Photo-Illustration: James Gallagher
This week, a woman wondering if that man she hooked up with years ago is still interested: 29, single, Massachusetts.
9:30 a.m. It’s Wednesday, my day to sleep in. I was up until 2:30 working; I’m a newspaper editor, and there’s been a lot of news to keep up with, of course. I’ve been working from home since March, which I haven’t been thrilled about — it’s lonely, and hard to find motivation at times — but I am so thankful to still have a job in this economy, which has hit the newspaper industry hard.
I’m relieved that today, the hardest task I have will be to proofread the pages before they go to print. Later, I’m having lunch with my best friend, then my boyfriend is coming over for dinner.
12:18 p.m. My boyfriend, Aaron, sends me a Snapchat video. He’s naked, standing in front of the bathroom mirror. I bite my lip, thinking about seeing him later.
We’ve been together for about four months; we met online. I’ve been having doubts about our relationship’s future potential, but we have amazing sex, and I’m going to keep enjoying that while we try to work through some communication issues.
1:30 p.m. I meet my best friend, Rhonda, for lunch at a tea and crêpes house. We sit at a table outside and are the only ones there, so it’s the perfect opportunity to dish. She tells me she’s concerned about her boyfriend’s drinking. I tell her about arguing with Aaron recently.
4:50 p.m. Aaron comes over. We make out on the couch and cuddle in bed for an hour and a half. Later we pick up sushi and drive to one of my favorite views on top of a hill, overlooking the valley. It’s romantic, and the sunset is gorgeous. We go back into town after for ice cream and people-watching.
10:30 p.m. We’re both tired and horny. We get ready for bed, and since I sleep naked, it doesn’t take long for him to start touching me. He’s 38, almost ten years older than me, and he is one of the best lovers I’ve ever had. I rub myself while he fucks me missionary until I come, which only takes about ten minutes. He tells me he doesn’t want to come just yet, so he flips me over and fucks me from behind, grabbing my hips while slapping my ass. It’s hot.
8:20 a.m. I wake up with his arms around me. He says he wants to fool around “for a minute,” which does not end up being a minute.
I’m a few minutes late for my appointment to get a laser treatment for my rosacea. They ask me to wait for another appointment, in half an hour, and I’m irritated. Aaron asks if there’s anything he can do to help. I say, next time, please don’t instigate fooling around before we have to leave to be somewhere. He’s immediately defensive and we argue in the car ride home. When I tell him I’m getting angry and need to stop talking for now, he ignores my request and continues his monologue. I’m fuming.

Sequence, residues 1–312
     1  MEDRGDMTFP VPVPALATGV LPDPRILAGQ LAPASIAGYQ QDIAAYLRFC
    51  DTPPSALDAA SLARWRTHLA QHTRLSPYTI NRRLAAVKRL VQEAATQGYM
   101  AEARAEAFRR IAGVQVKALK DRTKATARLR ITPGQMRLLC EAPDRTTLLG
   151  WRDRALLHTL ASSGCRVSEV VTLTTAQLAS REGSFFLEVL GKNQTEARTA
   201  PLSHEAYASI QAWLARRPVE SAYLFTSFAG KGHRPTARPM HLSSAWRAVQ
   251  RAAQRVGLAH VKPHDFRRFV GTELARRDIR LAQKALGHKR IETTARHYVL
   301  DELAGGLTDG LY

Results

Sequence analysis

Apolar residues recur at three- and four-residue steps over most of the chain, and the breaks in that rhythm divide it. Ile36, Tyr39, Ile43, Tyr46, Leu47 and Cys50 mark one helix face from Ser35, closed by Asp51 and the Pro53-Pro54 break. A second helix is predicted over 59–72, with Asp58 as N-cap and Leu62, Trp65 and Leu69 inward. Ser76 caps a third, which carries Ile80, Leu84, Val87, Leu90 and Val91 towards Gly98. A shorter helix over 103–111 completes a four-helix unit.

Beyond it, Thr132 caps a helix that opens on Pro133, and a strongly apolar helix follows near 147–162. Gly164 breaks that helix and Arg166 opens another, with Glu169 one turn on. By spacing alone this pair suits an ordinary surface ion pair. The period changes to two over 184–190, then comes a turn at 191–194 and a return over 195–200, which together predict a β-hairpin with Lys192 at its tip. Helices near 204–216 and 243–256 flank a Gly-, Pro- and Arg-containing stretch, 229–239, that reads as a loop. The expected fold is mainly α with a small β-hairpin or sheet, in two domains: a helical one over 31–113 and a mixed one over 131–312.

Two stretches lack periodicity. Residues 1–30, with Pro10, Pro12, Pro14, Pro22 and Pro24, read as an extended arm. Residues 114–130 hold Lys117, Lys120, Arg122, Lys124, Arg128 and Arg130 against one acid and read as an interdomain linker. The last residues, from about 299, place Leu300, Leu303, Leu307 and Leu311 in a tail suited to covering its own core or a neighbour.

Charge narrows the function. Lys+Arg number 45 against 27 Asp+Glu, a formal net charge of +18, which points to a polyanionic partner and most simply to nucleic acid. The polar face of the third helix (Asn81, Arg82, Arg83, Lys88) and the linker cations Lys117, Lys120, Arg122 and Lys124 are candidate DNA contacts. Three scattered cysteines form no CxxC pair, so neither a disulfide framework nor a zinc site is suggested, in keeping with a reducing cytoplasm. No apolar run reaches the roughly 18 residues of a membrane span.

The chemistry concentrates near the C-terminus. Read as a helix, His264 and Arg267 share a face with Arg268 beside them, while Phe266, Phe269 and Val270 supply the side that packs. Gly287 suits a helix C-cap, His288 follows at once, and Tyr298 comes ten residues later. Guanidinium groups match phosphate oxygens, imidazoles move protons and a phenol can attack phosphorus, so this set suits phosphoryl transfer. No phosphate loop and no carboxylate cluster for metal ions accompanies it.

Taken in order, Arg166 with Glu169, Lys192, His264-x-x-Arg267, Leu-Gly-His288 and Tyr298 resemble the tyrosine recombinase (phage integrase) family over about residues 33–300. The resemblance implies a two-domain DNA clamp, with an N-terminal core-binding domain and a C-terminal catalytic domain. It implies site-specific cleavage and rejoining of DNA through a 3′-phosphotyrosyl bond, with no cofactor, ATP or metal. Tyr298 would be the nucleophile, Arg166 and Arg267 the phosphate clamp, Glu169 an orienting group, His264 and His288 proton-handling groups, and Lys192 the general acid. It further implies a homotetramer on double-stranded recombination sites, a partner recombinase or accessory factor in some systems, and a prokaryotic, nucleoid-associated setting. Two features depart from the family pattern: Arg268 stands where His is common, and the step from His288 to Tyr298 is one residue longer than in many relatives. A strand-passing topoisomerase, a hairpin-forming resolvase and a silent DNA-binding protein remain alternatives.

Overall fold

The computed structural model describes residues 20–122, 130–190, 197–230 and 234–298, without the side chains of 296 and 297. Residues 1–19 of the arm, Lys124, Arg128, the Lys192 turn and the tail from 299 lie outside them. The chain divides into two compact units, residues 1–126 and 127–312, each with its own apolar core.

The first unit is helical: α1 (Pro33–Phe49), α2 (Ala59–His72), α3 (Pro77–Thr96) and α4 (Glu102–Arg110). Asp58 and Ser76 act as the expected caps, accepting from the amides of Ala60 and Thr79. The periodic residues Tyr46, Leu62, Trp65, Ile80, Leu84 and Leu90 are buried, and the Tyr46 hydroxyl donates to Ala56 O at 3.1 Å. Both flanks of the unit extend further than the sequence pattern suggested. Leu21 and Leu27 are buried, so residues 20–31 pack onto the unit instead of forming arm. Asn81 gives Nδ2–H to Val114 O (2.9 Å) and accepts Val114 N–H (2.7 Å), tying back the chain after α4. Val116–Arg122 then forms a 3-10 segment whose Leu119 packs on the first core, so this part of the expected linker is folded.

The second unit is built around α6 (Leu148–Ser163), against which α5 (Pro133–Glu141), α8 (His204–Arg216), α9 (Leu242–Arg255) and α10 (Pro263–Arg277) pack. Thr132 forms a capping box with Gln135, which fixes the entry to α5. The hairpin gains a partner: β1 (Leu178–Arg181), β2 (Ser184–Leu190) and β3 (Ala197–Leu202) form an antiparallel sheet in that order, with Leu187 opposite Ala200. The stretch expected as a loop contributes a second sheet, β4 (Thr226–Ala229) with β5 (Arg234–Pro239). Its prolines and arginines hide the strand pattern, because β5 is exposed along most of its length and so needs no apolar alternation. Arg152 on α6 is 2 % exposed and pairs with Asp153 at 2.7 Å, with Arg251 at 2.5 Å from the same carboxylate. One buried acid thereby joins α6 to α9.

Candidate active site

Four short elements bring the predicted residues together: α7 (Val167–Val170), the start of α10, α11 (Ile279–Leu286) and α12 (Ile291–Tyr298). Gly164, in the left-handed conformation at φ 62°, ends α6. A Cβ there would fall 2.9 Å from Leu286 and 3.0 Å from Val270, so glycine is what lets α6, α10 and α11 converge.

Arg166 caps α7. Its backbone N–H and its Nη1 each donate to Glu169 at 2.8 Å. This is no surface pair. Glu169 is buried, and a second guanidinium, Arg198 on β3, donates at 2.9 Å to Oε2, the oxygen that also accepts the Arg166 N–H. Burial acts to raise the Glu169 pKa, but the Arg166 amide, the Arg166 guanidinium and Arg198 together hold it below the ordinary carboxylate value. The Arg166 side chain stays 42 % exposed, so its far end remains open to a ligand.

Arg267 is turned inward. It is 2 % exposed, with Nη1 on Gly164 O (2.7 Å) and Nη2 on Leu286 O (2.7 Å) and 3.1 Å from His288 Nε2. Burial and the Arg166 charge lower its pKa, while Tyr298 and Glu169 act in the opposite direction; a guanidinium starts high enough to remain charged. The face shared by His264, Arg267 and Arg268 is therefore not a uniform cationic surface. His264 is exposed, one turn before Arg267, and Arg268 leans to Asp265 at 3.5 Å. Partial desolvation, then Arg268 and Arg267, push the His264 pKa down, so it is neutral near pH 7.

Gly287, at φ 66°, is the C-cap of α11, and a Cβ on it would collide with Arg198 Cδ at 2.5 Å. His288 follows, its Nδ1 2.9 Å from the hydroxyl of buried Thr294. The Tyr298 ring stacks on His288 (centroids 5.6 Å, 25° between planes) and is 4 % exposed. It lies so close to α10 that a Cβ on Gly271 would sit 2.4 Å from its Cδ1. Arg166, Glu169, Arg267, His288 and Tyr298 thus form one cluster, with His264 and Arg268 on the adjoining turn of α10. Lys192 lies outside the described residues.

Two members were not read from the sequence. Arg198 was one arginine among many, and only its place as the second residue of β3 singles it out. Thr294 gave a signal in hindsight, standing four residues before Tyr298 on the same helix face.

When he leaves to go back to his house, he tells me I’m “pushing everyone away,” including him, and walks out the door. I’m hurt, but not surprised by his tendency toward dramatics.
11:30 a.m. I call my staff writer to talk about stories for next week. He’s short on ideas, and I’m a little stressed, hoping we can find enough content.
3 p.m. I tell my therapist about the argument with Aaron earlier. She says it sounds like he was “being very dramatic” and highly defensive, but that she can only coach me, not him. I have a bad feeling in my gut, and part of me wonders if it’s only a matter of time until we break up.
6 p.m. Mow the lawn, weed the garden.
9 p.m. I’m watching Downton Abbey reruns and eating sushi leftovers. Aaron usually responds to my texts within seconds, but now, when I ask if he wants to talk after I eat, his responses are slow and abrupt. “I’m available later,” he says, but doesn’t specify when, so I ask. After another 20 minutes of silence I tell him I’m getting tired and we can talk more tomorrow.
8:20 a.m. Make coffee, get ready, start answering emails.
10 a.m. Alcoholics Anonymous meeting via Zoom. I’ve been in recovery for two years, and it’s made a world of difference in my self-esteem and overall quality of life. It’s nice to see familiar faces through the screen, including one friend I haven’t seen in a while.
11 a.m. Editorial meeting for work, also via Zoom. Two of my male colleagues are serious mansplainers and regularly interrupt the female editors, including me, and it’s hard to sit there and not roll my eyes as they talk on and on.
12:20 p.m. Aaron FaceTimed me when I was in my work meeting, so I call him back. He’s sitting in his car, waiting for his teenage daughter to finish her dentist appointment. We chat for a minute, then start to talk about yesterday, but he sees her walking back to the car and has to hang up. He says he’ll talk to me tonight, after she goes to bed.
3:30 p.m. Errands, including getting a car inspection, which thankfully only takes ten minutes. Aaron sends me a Snapchat video from his friends’ house. He shows me temporary tattoos of sharks all over the arm of his friends’ 3-year-old son. It’s cute, but we’re both still upset about yesterday, and our communication feels tense.